advertisement

Ryan Ferguson seeks pardon from governor

Monday, April 8, 2013 | 4:52 p.m. CDT; updated 11:03 p.m. CDT, Monday, April 8, 2013

COLUMBIA — Key players in the Ryan Ferguson case will meet for a public discussion at 6:30 p.m. Monday in the University of Missouri-Kansas City Law School. The discussion comes the same day that Ferguson's attorney filed for a governor’s pardon — his 15th attempt to overturn his conviction.

"Sometimes (a pardon) can happen faster than the case can move through the court system," Ferguson’s lawyer, Kathleen Zellner, said.

Ferguson was sentenced to 40 years in prison for the 2001 murder of Columbia Daily Tribune sports editor Kent Heitholt. His most recent attempt to be released — before Monday's pardon request — is being weighed by judges in the Appeals Court.

Ferguson's last petition was denied by Cole County Circuit Court Judge Daniel Green in October.

The Midwest Innocence Project is co-hosting the panel discussion with CBS’s "48 Hours" series. The Innocence Project, a nonprofit organization that works to exonerate wrongfully convicted prisoners, recently wrote an "amicus" — friend of the court — brief to the Western District Court of Appeals expressing support for Ferguson.

"(His case) presents a lot of issues that of course are very important to the (Innocence Project)," said legal director Laura O’Sullivan, who is also participating in the discussion. "So we wanted to weigh in with the court about issues regarding the standard of review and issues of perjury and witness recantations."

Other panelists include Zellner; Charles Rogers, Ferguson’s attorney from his original trial in 2005; and "48 Hours" correspondent Erin Moriarty, who says she has been covering Ferguson’s case for more than seven years. She said the program has aired three episodes on the case, starting with Ferguson's original trial.

Moriarty said the discussion would attempt to place Ferguson's situation in the context of wrongful convictions nationwide, "a problem that exists throughout the country," she said.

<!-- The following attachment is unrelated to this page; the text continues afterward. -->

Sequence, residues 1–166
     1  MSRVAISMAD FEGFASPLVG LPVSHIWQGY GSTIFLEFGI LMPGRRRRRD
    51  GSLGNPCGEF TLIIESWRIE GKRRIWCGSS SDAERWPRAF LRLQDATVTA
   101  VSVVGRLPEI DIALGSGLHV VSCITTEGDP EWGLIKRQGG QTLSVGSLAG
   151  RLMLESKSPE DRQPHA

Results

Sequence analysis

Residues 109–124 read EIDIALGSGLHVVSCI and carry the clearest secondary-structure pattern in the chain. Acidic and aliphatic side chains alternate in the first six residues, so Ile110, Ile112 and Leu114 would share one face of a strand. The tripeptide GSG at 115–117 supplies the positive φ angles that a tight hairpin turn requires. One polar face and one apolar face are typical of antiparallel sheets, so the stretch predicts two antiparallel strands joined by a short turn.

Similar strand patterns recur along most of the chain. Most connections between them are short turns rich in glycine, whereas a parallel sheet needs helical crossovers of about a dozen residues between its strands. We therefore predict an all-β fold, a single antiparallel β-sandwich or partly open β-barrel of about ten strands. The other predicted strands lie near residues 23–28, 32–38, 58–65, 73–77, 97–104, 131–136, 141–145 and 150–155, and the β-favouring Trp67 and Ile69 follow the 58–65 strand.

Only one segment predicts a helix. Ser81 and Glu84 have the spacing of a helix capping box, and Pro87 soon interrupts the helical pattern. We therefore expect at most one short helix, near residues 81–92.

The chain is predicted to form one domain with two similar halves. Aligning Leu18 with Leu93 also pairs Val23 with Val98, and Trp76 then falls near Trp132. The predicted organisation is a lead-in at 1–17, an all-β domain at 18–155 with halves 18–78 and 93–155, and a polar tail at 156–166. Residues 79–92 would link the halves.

O’Sullivan said representatives of the Missouri Attorney General’s Office, the Columbia Police Department and the Columbia Daily Tribune were invited but declined to attend.

The UMKC Law School encouraged audience members to participate via its Facebook page and Twitter using the hashtag #fergpanel. Those interested can also view it via webcast.


Like what you see here? Become a member.


Show Me the Errors (What's this?)

Report corrections or additions here. Leave comments below here.

You must be logged in to participate in the Show Me the Errors contest.


Comments

Skip Yates April 8, 2013 | 9:47 p.m.

Well, this certainly was timely.......

(Report Comment)

Leave a comment

Speak up and join the conversation! Make sure to follow the guidelines outlined below and register with our site. You must be logged in to comment. (Our full comment policy is here.)

  • Don't use obscene, profane or vulgar language.
  • Don't use language that makes personal attacks on fellow commenters or discriminates based on race, religion, gender or ethnicity.
  • Use your real first and last name when registering on the website. It will be published with every comment. (Read why we ask for that here.)
  • Don’t solicit or promote businesses.

We are not able to monitor every comment that comes through. If you see something objectionable, please click the "Report comment" link.

You must be logged in to comment.

Forget your password?

Don't have an account? Register here.

advertisements